She was the first African-American woman to pass the Virginia Medical Examining Board’s examination in 1893. She scored the highest grades in surgery, practice and hygiene. Dr. Sarah Boyd Jones, known as Sallie Boyd in her early years, began her medical journey in 1890 when she decided to study medicine at Howard University in Washington, D.C.
When she attained her medical degree in 1893, she dedicated a one-hour free daily clinic for women and children while making sure the marginalized Richmond community benefitted from services, according to the Encyclopedia Virginia.
Her medical skills came in handy at a time when the African-American community was witnessing a high mortality rate compared to white residents. When an African-American mother goes into labor, there was a high possibility of her returning with stillbirth. Jones dedicated her skills and knowledge to reverse this trend. She was among the only three female physicians in practice and a handful of African-American physicians at the time.
She was born to Ellen D. Boyd and George W. Boyd in February 1866 in Albemarle County. Her father was one of the prominent contractors in the Richmond community. It was one of the reasons they migrated to Henrico County in the 1860s. He was responsible for many of the iconic structures built in Richmond including the Sixth Mount Zion Baptist Church and the large hall of the Grand Fountain United Order of True Reformers.
She had her early education at the Richmond Coloured Normal School. When she finished her second cycle education, Jones became a teacher at the Baker School where she taught with prominent educationist Rosa L. Dixon Bowser and the poet Daniel Webster Davis. She spent five years teaching at the basic level until her marriage to another teacher, Miles B. Jones, on July 4, 1888.
When she attained her medical degree, Jones undertook several interventions aimed at ensuring expanding access to African Americans who were interested in the medical profession. In 1893, she took up the position of a medical examiner for the female members of the Southern Aid and Insurance Company, which was the only institution that recognized female doctors. She was also part of the medical examiners for the Woman’s Corner Stone Beneficial Association in 1897.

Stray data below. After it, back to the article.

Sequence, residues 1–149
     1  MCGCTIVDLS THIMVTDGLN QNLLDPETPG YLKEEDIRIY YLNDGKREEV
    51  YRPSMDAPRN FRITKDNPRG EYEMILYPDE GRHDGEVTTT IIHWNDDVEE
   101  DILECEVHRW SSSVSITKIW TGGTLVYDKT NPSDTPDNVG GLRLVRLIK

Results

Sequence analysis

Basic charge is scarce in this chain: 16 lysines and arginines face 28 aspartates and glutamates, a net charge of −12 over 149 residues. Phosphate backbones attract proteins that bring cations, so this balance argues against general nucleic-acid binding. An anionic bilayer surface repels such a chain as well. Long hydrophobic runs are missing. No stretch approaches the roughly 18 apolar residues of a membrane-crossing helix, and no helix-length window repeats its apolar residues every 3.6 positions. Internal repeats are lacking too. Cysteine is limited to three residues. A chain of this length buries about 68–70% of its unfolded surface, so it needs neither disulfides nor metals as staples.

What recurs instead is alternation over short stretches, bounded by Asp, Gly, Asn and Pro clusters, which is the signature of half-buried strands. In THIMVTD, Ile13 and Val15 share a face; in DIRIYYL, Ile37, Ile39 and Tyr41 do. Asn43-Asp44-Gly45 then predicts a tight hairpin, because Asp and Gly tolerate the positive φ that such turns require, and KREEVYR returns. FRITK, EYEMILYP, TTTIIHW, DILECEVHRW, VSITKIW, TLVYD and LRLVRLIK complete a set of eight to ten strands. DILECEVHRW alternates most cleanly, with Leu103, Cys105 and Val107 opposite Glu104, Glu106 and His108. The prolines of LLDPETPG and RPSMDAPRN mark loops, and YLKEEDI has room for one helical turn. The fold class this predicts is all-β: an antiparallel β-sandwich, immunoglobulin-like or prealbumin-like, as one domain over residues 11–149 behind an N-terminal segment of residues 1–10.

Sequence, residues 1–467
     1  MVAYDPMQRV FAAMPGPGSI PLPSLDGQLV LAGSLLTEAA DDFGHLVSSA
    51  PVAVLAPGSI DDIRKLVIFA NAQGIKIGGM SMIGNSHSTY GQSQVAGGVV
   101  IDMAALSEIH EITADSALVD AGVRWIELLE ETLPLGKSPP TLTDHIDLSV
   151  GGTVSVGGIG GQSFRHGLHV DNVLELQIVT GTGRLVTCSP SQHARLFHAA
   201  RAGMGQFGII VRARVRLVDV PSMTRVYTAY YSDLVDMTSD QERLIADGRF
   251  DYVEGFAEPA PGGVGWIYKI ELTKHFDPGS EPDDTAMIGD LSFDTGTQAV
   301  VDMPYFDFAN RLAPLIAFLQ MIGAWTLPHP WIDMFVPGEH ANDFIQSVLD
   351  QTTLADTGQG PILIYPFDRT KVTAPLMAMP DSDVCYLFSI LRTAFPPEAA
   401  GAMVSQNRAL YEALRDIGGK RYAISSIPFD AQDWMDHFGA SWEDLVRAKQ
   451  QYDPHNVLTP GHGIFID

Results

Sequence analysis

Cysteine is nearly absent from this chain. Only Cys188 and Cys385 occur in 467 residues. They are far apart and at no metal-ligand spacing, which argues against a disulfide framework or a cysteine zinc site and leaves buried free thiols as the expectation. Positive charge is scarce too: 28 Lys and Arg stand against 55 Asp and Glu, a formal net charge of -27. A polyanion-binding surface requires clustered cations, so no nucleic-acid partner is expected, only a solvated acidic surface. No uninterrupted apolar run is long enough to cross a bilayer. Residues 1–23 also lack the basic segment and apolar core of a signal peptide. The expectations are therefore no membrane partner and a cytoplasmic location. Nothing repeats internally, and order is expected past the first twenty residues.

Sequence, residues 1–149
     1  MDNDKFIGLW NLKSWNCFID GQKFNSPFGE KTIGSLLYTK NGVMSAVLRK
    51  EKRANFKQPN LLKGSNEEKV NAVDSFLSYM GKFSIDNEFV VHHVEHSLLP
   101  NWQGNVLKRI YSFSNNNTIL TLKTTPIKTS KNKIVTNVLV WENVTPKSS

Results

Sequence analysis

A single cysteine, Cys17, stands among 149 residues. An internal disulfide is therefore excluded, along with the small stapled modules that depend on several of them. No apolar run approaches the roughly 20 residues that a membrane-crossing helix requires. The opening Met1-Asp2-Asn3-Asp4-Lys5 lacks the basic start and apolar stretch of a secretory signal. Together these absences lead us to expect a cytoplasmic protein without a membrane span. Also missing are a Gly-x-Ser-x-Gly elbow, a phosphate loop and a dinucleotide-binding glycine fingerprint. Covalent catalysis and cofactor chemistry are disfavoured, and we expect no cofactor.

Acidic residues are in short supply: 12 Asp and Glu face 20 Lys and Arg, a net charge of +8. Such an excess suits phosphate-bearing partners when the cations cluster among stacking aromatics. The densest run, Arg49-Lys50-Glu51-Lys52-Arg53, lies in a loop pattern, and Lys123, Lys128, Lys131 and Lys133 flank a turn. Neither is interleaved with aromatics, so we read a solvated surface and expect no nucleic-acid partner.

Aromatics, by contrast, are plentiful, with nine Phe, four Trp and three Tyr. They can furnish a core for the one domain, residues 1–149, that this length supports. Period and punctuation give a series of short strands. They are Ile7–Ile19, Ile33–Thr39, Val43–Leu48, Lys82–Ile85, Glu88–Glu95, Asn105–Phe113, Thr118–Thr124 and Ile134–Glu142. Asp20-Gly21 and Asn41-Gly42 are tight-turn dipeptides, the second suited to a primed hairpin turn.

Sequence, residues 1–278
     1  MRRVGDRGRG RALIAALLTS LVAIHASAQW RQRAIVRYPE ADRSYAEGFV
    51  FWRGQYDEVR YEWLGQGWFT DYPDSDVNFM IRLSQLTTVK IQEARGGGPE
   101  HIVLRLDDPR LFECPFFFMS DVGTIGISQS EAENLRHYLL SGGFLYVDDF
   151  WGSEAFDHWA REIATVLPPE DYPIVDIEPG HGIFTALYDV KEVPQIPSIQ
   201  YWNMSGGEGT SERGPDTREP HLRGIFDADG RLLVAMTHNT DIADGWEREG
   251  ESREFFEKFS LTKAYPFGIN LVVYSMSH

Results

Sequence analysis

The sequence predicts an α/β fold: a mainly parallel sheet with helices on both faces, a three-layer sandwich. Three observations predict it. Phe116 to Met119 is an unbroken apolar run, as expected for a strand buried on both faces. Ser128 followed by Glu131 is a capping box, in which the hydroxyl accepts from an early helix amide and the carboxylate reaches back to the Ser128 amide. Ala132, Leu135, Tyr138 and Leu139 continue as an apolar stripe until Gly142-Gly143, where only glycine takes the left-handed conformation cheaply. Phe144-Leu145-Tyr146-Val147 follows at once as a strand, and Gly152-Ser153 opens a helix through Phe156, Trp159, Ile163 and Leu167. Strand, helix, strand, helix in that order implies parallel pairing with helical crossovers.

Due to the barriers impeding the access of African Americans to professional medical care in the Richmond community, she decided to lecture at the nursing training school that the Women’s Central League of Richmond ran.
With her husband, they established the Medical and Chirurgical Society of Richmond on February 19, 1902, when African-American physicians were barred from joining white medical societies. To also improve access to medical facilities that offered quality medical care to African Americans, she and her husband bought a house and converted it into a hospital in February 1903.
In April 1905, Jones became ill after caring for a patient and died of active cerebral congestion at her Richmond home on May 11, 1905. Following a funeral attended by hundreds of Richmonders, she was buried in the city’s Evergreen Cemetery.
In 1922, the Sarah G. Jones Memorial Hospital, Medical College and Training School for Nurses was named in her honor.